Gaming on the cheap

Gaming on the cheap!

Roleplaying games can be an expensive hobby, especially when you are the game master. Imagine you want to run games using everyone’s favorite fantasy game. You usually need at least one copy of each core book, perhaps a couple of miniatures and a few dice. Let’s say you already own dice and miniatures, so you just need the core books. Each core book is about 25$, so at the end of the day you’ve been set back 75$. Phew! If you are not sure, if you are really GM material, that’s quite a hefty sum. So, are there any alternatives?

I am a great fan of free games and I’ve written about quite a few free roleplaying games in the past (and I even helped translate one). I’ve reviewed or at least mentioned the following games so far:

All these games you can get for totally free. So, if you have a few dice, pencils and scrap paper and some imagination you can start playing. Even without leaving the better half of your monthly wages in the game store.

From all the commercial games I’ve played, Savage Worlds was probably one of the most inexpensive. You can get the Savage World Explorer Handbook for just $10 and that’s everything you need to start playing. Of course there are various campaign settings and supplements available for Savage Worlds but if you are willing to play in a campaign of your own design, the rule book for $10 is enough. Heck, you can even run complete games just with the Savage World Test Drive rules, that you can download for free. If you are a friend of one-shots, just download a couple one-sheet adventures and you’re done!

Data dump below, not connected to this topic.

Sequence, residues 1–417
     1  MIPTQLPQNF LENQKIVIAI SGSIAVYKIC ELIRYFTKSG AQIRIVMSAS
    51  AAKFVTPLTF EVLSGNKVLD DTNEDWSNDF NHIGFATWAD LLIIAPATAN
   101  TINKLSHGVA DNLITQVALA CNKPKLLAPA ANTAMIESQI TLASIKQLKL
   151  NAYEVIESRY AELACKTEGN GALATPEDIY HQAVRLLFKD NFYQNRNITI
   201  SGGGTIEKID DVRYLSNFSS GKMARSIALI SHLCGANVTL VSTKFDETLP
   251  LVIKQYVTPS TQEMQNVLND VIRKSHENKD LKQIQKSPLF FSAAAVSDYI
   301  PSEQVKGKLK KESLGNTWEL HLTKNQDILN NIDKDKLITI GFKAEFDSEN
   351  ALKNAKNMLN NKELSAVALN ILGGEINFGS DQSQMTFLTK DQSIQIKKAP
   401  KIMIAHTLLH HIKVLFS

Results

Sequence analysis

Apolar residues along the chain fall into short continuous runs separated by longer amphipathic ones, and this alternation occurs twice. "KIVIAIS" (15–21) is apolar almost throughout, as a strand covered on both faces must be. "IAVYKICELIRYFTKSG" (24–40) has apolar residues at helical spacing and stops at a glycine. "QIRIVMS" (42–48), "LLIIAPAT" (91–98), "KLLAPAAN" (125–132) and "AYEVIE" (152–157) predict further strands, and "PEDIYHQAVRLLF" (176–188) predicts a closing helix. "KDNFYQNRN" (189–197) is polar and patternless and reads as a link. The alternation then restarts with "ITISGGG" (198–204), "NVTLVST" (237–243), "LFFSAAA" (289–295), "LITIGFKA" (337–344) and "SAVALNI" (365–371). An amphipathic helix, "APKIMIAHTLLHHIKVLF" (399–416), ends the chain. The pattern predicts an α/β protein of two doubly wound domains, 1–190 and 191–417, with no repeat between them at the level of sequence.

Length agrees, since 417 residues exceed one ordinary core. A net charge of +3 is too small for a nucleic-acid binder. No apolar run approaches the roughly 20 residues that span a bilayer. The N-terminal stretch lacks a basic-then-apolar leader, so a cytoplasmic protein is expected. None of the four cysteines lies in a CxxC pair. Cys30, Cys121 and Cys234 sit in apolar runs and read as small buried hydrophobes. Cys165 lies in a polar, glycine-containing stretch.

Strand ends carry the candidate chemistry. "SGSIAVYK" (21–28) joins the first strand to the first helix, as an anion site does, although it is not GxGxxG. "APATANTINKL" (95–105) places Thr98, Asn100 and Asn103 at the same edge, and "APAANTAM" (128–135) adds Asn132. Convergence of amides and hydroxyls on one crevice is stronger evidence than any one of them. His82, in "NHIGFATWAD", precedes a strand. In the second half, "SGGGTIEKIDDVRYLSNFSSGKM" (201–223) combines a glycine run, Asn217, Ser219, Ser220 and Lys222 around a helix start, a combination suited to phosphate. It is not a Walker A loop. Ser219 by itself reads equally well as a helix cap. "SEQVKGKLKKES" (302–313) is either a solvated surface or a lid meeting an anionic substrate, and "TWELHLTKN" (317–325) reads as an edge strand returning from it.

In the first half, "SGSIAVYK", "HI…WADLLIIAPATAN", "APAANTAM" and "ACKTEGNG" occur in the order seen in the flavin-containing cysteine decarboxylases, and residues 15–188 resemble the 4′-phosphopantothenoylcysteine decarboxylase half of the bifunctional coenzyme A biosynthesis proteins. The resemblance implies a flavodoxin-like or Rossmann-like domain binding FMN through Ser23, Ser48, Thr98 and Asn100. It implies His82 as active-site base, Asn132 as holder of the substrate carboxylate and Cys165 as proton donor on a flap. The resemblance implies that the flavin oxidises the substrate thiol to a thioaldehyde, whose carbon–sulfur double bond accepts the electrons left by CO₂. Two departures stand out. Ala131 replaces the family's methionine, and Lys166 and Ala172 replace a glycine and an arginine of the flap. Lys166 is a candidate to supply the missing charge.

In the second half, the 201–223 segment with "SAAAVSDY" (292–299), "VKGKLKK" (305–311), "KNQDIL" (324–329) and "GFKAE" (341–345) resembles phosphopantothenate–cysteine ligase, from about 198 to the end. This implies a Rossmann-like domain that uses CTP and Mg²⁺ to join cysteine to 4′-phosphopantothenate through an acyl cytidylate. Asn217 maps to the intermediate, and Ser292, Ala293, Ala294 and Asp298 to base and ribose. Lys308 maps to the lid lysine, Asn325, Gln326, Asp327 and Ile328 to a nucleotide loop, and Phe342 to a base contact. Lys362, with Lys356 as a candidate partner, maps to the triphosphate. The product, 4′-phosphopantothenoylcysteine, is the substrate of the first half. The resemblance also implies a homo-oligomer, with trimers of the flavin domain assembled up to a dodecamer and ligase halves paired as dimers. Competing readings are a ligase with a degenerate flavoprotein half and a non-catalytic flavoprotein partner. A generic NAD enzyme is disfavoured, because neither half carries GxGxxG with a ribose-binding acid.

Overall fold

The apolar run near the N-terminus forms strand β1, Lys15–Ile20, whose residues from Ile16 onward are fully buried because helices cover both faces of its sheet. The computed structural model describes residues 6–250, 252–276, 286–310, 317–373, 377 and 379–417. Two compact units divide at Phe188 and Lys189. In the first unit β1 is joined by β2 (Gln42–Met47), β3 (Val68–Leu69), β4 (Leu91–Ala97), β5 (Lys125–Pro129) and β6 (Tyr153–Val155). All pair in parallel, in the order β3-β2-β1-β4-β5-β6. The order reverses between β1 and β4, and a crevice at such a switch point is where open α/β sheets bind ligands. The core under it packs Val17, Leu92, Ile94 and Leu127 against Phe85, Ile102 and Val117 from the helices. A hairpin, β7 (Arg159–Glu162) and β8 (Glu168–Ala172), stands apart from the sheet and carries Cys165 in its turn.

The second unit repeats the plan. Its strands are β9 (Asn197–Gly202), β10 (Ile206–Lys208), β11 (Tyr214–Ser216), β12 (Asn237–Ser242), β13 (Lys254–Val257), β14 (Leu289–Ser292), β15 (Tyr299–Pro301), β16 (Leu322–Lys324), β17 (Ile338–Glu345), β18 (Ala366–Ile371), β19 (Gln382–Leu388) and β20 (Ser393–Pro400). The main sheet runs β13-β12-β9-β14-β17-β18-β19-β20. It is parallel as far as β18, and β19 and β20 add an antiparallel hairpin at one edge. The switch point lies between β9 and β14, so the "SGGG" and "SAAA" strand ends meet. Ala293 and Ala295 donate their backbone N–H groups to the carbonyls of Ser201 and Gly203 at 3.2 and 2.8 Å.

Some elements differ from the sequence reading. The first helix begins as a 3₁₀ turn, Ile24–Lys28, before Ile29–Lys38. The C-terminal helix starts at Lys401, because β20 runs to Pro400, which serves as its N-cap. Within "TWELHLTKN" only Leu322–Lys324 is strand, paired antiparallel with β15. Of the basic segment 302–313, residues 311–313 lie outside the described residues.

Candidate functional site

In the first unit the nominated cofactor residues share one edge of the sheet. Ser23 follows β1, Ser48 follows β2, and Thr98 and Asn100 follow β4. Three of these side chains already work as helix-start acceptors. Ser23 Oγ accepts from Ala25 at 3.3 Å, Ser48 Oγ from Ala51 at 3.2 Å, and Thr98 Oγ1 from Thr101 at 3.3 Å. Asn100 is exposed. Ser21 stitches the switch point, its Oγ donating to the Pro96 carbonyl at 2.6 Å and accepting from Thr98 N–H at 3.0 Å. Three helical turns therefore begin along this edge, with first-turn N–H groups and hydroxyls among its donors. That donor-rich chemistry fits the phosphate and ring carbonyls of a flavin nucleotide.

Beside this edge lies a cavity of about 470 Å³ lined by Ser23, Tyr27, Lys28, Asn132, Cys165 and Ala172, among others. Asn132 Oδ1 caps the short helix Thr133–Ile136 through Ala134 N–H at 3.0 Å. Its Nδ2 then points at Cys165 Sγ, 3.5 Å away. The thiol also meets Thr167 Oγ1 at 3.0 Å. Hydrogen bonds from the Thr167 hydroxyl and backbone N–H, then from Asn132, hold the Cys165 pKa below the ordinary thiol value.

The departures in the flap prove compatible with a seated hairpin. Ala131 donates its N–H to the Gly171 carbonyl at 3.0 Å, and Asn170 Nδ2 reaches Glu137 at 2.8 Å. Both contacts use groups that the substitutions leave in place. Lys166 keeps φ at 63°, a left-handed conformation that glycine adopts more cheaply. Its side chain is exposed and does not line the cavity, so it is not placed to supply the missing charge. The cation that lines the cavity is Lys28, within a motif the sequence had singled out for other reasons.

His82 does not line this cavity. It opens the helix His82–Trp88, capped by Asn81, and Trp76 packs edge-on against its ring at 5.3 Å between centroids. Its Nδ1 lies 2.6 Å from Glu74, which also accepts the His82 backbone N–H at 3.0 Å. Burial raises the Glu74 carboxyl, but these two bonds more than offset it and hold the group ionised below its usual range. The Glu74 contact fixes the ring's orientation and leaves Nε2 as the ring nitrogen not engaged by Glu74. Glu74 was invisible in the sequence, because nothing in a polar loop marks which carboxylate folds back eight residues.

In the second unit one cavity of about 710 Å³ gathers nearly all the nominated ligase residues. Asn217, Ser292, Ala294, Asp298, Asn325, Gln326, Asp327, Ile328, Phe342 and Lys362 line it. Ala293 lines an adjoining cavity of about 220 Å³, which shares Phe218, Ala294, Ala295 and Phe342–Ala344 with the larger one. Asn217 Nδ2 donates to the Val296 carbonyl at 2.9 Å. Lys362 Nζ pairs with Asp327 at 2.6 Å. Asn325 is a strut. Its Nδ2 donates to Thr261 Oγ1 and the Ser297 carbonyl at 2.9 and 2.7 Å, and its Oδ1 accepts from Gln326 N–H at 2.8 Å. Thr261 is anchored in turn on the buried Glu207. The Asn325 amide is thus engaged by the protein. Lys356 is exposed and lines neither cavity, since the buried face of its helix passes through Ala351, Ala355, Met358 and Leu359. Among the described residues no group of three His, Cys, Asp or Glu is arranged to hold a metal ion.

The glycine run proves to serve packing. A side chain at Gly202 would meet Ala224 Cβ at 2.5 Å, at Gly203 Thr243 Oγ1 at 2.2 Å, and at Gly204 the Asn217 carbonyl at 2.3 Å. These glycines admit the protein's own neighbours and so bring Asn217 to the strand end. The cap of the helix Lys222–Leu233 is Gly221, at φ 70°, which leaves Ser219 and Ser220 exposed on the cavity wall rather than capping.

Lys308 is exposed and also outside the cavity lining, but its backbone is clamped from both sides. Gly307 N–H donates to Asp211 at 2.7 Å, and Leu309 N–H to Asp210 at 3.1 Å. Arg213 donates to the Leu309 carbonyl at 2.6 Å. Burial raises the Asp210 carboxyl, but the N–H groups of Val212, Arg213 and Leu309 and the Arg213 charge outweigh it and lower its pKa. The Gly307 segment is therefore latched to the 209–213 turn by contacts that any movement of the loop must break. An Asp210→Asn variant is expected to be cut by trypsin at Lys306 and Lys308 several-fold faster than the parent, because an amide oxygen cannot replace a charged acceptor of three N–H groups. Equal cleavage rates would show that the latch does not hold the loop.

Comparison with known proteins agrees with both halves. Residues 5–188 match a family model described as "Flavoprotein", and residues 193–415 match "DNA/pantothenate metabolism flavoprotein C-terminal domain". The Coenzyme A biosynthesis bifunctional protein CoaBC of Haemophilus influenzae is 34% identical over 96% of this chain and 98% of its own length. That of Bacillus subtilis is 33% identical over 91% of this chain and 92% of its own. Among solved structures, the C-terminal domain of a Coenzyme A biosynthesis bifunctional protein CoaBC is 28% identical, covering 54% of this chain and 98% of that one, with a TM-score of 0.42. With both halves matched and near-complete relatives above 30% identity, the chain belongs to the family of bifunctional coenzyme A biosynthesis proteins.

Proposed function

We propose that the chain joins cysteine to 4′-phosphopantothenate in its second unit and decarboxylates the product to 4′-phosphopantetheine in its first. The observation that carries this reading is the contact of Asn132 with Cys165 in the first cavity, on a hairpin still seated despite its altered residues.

If everything else fails, there are a lot of sites out there that host and/or review free roleplaying games. My favorite free RPG sites are The Free RPG Blog (which reviews free RPGs on a regular basis) and 1KM1KT (which hosts free RPGs). Between those two sites you should find enough interesting games to keep you occupied quite some time.

So, what is your favorite free or cheap game? What game can you recommend the player/gamemaster who doesn’t want to spend his kids’ college fund on roleplaying games? What are your thoughts on free games in general? As always I am very interested in your thoughts. So let your voices be heard in the comments below!

Michael Wolf is a German games designer and enthusiast best known for his English language role-playing games blog, Stargazer's World, and for creating the free rules-light medieval fantasy adventure game Warrior, Rogue & Mage. He has also worked as an English translator on the German-language Dungeonslayers role-playing game and was part of its editorial team. In addition to his work on Warrior, Rogue & Mage and Dungeonslayers, he has created several self-published games and also performed layout services and published other independent role-playing games such as A Wanderer's Romance, Badass, and the Wyrm System derivative Resolute, Adventurer & Genius, all released through his imprint Stargazer Games. Professionally, he works as a video technician and information technologies specialist. Stargazer's World was started by Michael in August 2008.

12 thoughts on “Gaming on the cheap”

  1. There's a bunch of cool games in there. I don't see them harming major rpg companies. For every player who tries a free game and sticks to it, there'll be more who start free and then try other systems.

  2. I am partial to the Shadow of Yesterday (licensed under Creative Commons). I'm playing with the Finnish translation loaned from a friendly local library.